She would never leave.
After showing some signs of improvement — to the point that Tim could visit Ivy and the kids could FaceTime her — she began to decline again and had to be moved to intensive care.
On Feb. 2, one of the few days Tim tried to work, Ivy texted him at his office. “I’m scared and I need you,” she wrote.
Tim got there in 15 minutes, where he learned doctors had told Ivy she might need a lung transplant. He tried to calm his crying wife’s nerves, praying with her and telling her, “You’re gonna be OK. God’s in control. We’re gonna get through this.”
Tim believed what he was saying, but he also saw how sick his wife was.
The following day was worse, as Ivy’s breathing became even more labored.
“It was like she’d been running a marathon, but all she was doing was just laying there in the bed,” Tim says. “Her body was fighting so hard to breathe. It was very scary to watch.”
Doctors put Ivy on a BiPAP machine, telling Tim that if it didn’t help, they would have to put her on a ventilator. Tim broke down. Ivy had told him earlier that if she had to be intubated, she feared she wouldn’t recover.
“Yes you are, baby,” he had told her, but he feared the ramifications of the ventilator, too.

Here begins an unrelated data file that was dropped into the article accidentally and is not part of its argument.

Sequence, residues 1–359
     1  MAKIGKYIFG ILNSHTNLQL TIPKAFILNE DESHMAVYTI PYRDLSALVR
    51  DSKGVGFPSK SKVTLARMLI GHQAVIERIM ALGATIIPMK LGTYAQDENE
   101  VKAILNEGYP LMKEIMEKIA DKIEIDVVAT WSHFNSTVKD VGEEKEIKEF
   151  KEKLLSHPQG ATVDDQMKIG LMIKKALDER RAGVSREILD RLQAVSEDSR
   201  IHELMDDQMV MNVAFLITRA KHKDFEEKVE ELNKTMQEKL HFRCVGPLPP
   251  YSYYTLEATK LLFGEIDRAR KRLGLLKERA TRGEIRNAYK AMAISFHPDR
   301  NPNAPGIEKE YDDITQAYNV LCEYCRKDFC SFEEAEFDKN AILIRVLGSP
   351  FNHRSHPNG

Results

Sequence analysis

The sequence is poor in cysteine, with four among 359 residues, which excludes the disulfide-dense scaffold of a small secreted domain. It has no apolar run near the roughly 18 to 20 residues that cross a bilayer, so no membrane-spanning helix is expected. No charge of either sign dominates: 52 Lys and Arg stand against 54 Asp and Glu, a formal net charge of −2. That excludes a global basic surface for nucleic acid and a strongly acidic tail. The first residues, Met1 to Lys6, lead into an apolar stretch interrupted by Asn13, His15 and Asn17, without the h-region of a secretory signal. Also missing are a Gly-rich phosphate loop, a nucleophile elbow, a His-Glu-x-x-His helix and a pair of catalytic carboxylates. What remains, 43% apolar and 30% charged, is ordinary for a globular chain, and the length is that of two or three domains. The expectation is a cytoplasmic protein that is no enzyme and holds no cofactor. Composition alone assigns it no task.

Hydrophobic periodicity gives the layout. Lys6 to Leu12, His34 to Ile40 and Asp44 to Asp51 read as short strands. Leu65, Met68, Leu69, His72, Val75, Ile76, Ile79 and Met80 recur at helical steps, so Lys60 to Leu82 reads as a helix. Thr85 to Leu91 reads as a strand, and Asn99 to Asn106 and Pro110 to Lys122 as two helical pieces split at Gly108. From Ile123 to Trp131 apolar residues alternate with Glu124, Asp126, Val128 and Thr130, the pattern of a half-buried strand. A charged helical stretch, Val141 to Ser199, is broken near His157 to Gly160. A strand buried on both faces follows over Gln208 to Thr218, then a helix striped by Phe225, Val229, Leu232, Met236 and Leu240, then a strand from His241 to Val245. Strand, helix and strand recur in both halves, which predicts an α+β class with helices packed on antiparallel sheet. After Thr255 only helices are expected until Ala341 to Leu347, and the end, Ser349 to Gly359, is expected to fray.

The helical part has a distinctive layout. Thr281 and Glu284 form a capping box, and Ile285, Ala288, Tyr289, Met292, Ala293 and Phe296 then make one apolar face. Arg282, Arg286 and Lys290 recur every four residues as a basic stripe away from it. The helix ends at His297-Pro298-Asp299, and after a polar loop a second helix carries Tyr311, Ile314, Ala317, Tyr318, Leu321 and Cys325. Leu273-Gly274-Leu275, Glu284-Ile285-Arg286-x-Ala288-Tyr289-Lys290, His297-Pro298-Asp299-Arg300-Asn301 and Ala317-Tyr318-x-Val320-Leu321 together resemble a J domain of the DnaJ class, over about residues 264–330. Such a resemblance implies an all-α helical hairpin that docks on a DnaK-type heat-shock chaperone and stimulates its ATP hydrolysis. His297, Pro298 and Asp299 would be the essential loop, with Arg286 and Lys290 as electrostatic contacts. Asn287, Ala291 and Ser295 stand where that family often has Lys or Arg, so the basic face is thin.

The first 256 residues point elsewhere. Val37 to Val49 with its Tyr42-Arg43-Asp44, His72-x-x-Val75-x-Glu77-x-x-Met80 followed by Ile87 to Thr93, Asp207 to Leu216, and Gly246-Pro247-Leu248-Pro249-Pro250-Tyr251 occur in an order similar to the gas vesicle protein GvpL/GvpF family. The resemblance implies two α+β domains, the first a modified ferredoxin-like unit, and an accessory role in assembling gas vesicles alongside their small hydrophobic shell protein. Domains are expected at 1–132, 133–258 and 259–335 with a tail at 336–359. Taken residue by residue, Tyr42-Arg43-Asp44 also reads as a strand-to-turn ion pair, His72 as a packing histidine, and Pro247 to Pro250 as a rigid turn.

Only an hour after trying the BiPAP machine, doctors decided to put Ivy on a ventilator, fearing she would go into cardiac arrest if they didn’t.
“The look of fear in my wife’s eyes is something I’ll never forget,” Tim says. “She couldn’t talk because of the BiPAP. She grabbed her cellphone, her hands shaking like crazy, and sent me a text: ‘I love you. Please take care of our kids.’ ”
Tim can’t tell the story without crying.
“That’s the last text I ever got from her,” he says softly.
The next day, Tim sat with his heavily sedated wife, holding her hand as the ventilator breathed for her. He kissed her and told her how much he loved her. He prayed she would get better. He prayed she could hear him — he just wanted her to know he was there.
That afternoon, when Ellie and Cooper got home from school, he told them, “Mommy is very sick, and they’ve got her on a machine to help her breathe.” They prayed together.
Around 2 p.m. the following day, Feb. 5 — 30 days after testing positive for COVID-19 — Ivy died, surrounded by family and close friends. Tim chose not to get the kids out of school, not wanting them to see their mother on the ventilator. He sat them down after school to break the news.
“Mommy is with Jesus now,” he told them.
The children cried, distraught not only because she had died, but also because they hadn’t gotten to tell her goodbye.
“That was the hardest conversation I’ve ever had to have,” Tim says, “telling my children that Mommy wasn’t coming home.”
Ellie and Cooper are doing better now — not great, but better. At home and at school, they seem to be adapting to their new normal, Tim says.
So is Tim, but the days are still a struggle. Easter Sunday would’ve been their 12th anniversary, and that day will be especially difficult.
Tim’s faith continues to carry him.
“God is 100% in control, and I know my wife is no longer in pain,” he says. “I know where she is. I know I’ll see her again, and when I do, nothing will ever separate us again. But I don’t have her here now, and that’s hard.”